Central American migrants approaching US-Mexico border crossing sites in recent days to apply for asylum are getting a taste of what may be ahead for the human “caravans” still hundreds of miles to the south, as Donald Trump further hardens his immigrationpolicies and rhetoric.
A normal scene in El Paso, Texas, finds US border agents, with handguns in holsters on their belts, routinely supervising migrants crossing a bridge from Mexico towards the port of entry on the US side. But earlier this week, individuals and small groups, including parents and children, found the agents with assault rifles instead, blocking their path and turning them back halfway across the bridge.
Last Sunday, the border was closed temporarily while Customs and Border Protection (CBP) agents ran drills in riot gear, to prepare for the kind of shutdown the president has threatened if migrant caravans crowd the southern border. And many thousands of active duty US troops are making their way to the border in armored vehicles.
Meanwhile, a man and his son who were stopped at the halfway point of the bridge that connects Ciudad Juarez, Mexico, with El Paso, Texas, spoke to the Guardian, but were too afraid to give their names.
“I have two days here at the bridge. When we arrived, we were told to wait but they haven’t given us any information of how long we’ll have to wait,” the father said. He and his teenage son fled gang violence in their hometown of Huehuetenango, Guatemala, seven months ago, he said.
The pair sat with a handful of others waiting for information, leaning against the wall of the path approaching the bridge. Volunteers from the lone migrant shelter in Ciudad Juarez, Casa del Migrante, and other samaritans from both sides of the border brought them some sandwiches, blankets and fresh clothes.
They may be battling the odds, but as the Trump administration prepares for a fight with migrants, perhaps literally, American aid groups are gearing up, ready to go head to head with the authorities to protect people’s right to have their cases heard.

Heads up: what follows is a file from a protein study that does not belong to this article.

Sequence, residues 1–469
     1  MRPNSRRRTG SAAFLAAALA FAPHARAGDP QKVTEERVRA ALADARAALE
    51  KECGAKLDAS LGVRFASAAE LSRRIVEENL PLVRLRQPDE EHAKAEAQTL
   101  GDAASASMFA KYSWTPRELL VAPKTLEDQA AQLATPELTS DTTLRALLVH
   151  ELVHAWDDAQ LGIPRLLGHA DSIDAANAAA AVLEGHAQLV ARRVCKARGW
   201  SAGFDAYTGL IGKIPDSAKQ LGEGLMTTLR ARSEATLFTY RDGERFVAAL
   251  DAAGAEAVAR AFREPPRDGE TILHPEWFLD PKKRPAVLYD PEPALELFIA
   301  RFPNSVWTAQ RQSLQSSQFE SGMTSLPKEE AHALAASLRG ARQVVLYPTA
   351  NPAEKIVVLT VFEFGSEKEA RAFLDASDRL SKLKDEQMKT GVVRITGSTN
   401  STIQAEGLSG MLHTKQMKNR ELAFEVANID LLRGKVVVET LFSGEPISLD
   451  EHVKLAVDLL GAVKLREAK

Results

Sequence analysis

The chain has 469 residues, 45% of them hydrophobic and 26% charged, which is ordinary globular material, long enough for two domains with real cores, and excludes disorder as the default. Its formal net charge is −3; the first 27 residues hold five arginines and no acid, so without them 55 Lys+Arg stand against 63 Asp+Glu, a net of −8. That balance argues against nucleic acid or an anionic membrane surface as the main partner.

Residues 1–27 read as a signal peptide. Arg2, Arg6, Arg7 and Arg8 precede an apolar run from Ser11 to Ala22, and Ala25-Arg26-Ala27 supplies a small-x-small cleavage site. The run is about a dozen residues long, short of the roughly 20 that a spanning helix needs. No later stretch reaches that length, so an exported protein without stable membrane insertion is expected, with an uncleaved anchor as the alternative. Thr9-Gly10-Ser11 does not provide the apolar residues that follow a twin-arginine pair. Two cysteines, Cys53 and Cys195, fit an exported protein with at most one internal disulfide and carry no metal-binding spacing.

“Under both international and US law, anyone who claims a fear of persecution in their home country has a right to apply for asylum,” said Robert Painter, director of pro bono services and communications at American Gateways, a Texas not-for-profit organization providing legal services to migrants.
He added: “We expect the Department of Homeland Security to honor that right and ensure that everyone seeking asylum is put through a fair adjudication process.”
Asylum-granting power lies with US immigration judges.
Advocates now fear the administration is trying to undercut the only legal avenue for migrants to make their asylum claims, as Trump has made it clear he doesn’t want to hear the migrants’ stories, instead threatening to cut aid to Central America, close the border and send as many as 15,000 soldiers to the border, according to the latest report.
“It’s the complete opposite of a smart response on migration. We see this idea of sending troops to the border as another attempt by the Trump administration to manufacture a crisis where there isn’t one,” said Shaw Drake at the American Civil Liberties Union (ACLU) Border Rights Center in El Paso. “We [already] have ample law enforcement presence at our borders. Migrants are certainly not a threat to anyone, much less a threat that requires troops to be deployed into the backyards of border communities.”
The homeland security secretary, Kirstjen Nielsen, said last week that troops were not intending to shoot migrants “right now”. But advocates are concerned.
“My greatest fear is that US government officials will bring about more violence and suffering on families who have done nothing wrong – only sought safety and freedom in the United States,” said Conchita Cruz, co-founder of Asylum Seekers Advocacy Project.
The Department of Homeland Security didn’t respond to a request for comment on how federal officials are preparing to handle any large groups of migrants approaching the border.